In 1991, the city was forced to vacate its City Hall when a local judge awarded it to a man injured in a city jail, in addition to two hundred and twenty acres of the city’s prime waterfront property. City officials were forced to seek state protection from creditors under the Distressed Cities Act of 1991. The state helped East St. Louis avoid bankruptcy by providing a $3.75 million loan so the city could meet its payroll for the rest of the year. In addition, the state helped the city negotiate with creditors to retire an $80 million debt through issuing a $23 million bond. In return, the city was forced to accept state oversight of its budget and fiscal affairs by the State Financial Advisory Authority. As unemployment and poverty were on the rise in the city, a devastating effect was becoming visible to the residents of East St. St. Louis.
Alarmed by the city’s worsening conditions, State Representative Wyvetter H. Younge (D-East St. Louis), a member of the Illinois Legislature’s Higher Education Finance Committee challenged the then-University of Illinois President Stanley Ikenberry to demonstrate the school’s stated commitment to low-income communities. In 1987, President Ikenberry responded with the creation of the Urban Extension and Minority Access Program (UEMAP), a joint effort on the part of the School of Architecture and the Departments of Urban and Regional Planning and Landscape Architecture. This program provided financial support for student and faculty research in East St. Louis. In the Fall of 1990, the effort was reorganized as the East St. Louis Action Research Project (ESLARP).2. Participatory Planning Philosophy
ESLARP’s primary goal is to improve the quality of life in East St. Louis through research, teaching and outreach activities provided by UIUC students and faculty. ESLARP seeks to achieve this goal by:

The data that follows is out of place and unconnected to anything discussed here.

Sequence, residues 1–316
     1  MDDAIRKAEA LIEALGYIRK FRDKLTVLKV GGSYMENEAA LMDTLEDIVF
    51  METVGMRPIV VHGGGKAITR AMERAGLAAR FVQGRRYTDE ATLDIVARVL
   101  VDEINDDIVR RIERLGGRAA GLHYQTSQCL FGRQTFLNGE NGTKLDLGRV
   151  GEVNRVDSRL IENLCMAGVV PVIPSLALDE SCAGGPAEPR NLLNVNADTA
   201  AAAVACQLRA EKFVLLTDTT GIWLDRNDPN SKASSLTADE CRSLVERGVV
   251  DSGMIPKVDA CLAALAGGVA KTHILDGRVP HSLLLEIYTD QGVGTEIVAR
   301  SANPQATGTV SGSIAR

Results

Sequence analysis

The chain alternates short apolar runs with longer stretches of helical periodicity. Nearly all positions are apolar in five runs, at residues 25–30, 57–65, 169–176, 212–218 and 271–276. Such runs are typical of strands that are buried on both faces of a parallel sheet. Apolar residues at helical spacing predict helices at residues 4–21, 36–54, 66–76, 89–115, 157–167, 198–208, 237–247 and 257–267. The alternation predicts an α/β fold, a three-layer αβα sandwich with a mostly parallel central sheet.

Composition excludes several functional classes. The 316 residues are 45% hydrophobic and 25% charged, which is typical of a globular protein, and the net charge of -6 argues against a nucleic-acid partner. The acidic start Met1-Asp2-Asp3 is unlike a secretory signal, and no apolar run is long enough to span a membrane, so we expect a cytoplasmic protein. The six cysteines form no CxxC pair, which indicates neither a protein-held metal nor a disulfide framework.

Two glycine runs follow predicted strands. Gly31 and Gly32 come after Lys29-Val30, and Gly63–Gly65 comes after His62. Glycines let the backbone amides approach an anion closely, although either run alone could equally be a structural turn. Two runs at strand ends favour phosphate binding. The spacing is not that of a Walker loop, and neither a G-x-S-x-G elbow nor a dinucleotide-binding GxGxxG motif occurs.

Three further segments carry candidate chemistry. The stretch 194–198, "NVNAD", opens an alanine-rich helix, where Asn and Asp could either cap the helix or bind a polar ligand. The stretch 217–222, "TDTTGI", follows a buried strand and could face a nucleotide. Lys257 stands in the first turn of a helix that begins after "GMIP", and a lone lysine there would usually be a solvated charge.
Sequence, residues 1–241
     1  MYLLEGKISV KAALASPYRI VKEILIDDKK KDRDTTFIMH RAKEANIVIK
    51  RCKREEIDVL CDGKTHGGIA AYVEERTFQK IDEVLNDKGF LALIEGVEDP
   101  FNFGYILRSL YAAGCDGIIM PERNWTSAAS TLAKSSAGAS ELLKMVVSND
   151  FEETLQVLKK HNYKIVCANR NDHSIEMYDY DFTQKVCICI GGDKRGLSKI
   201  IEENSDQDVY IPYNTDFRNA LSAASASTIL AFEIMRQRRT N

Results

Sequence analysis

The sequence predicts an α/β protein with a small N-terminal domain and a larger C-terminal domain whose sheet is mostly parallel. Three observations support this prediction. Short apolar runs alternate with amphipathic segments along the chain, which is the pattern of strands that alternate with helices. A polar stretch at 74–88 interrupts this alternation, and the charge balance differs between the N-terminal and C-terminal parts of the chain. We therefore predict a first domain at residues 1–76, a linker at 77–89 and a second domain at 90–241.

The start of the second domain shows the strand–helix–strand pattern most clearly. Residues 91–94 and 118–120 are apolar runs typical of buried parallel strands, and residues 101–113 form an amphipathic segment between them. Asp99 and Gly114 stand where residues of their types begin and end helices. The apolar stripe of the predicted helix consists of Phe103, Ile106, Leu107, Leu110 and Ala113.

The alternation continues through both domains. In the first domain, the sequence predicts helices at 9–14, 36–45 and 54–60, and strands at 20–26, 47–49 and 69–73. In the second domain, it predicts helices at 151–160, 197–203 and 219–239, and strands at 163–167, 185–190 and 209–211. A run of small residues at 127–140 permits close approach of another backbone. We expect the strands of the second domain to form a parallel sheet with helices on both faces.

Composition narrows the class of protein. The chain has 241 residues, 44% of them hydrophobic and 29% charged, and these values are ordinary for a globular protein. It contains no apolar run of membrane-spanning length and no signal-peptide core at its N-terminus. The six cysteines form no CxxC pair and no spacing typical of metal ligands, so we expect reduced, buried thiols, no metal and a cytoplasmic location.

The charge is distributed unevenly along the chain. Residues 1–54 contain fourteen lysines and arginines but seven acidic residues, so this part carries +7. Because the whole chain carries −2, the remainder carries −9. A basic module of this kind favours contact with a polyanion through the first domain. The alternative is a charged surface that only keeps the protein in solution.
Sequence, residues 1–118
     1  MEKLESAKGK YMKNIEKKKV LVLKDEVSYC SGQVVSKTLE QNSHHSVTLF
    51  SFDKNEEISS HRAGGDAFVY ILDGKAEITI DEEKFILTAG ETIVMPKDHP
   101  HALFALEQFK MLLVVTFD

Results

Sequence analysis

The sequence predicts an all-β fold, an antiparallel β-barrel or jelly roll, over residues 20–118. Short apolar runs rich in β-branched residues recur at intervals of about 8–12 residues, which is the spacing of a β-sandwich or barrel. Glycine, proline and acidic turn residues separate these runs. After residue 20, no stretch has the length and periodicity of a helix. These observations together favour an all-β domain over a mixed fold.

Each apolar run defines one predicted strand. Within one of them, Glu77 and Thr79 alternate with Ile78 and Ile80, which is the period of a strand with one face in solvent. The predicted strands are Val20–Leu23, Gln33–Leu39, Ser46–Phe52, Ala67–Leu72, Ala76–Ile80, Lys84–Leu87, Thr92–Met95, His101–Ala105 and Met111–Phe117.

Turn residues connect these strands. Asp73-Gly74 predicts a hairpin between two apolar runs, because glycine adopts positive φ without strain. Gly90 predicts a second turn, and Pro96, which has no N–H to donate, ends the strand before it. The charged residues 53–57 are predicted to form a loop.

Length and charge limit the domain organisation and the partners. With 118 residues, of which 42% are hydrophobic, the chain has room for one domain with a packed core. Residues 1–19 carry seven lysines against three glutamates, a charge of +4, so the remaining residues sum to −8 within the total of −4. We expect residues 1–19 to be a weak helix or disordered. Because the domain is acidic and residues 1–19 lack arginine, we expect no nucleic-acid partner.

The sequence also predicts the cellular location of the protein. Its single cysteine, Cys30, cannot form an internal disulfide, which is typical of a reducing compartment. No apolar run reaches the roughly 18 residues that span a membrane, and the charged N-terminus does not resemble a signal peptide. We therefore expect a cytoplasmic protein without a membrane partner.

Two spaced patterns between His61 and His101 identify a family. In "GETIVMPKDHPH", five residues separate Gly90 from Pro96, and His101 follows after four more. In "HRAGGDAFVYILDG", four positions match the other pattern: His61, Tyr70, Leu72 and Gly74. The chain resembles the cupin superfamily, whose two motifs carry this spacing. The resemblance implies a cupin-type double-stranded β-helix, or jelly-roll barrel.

ESLARP’s research and technical agenda has been set by neighborhood residents. History has taught us that planned solutions tend to fail when they are imposed on a community by outsiders, often becoming "shelf projects". In order to insure that our plans are relevant and supported by the community, ESLARP has developed a participatory planning and design model which integrates participatory action research, direct action organizing and citizen education. In our model, neighborhood organizations are the bridge between the University and East St. Louis citizens. ESLARP projects, conceived by local residents and officials, have addressed neighborhood beautification, housing improvement, job creation, and open space development. Because local individuals and neighborhood organizations participate in goal setting, program development, and plan implementation, these projects are more likely to become self-sustaining.
Students and residents learn from each other by working together. Community members work together with University students and faculty in both planning and implementation stages. In fact, the opportunity for hands-on work attracts many students to ESLARP. Their commitment to project completion - through repeat visits to project sites and neighborhood meetings - encourages the continued involvement of residents. At the same time, the students learn about working in distressed communities from the participating residents.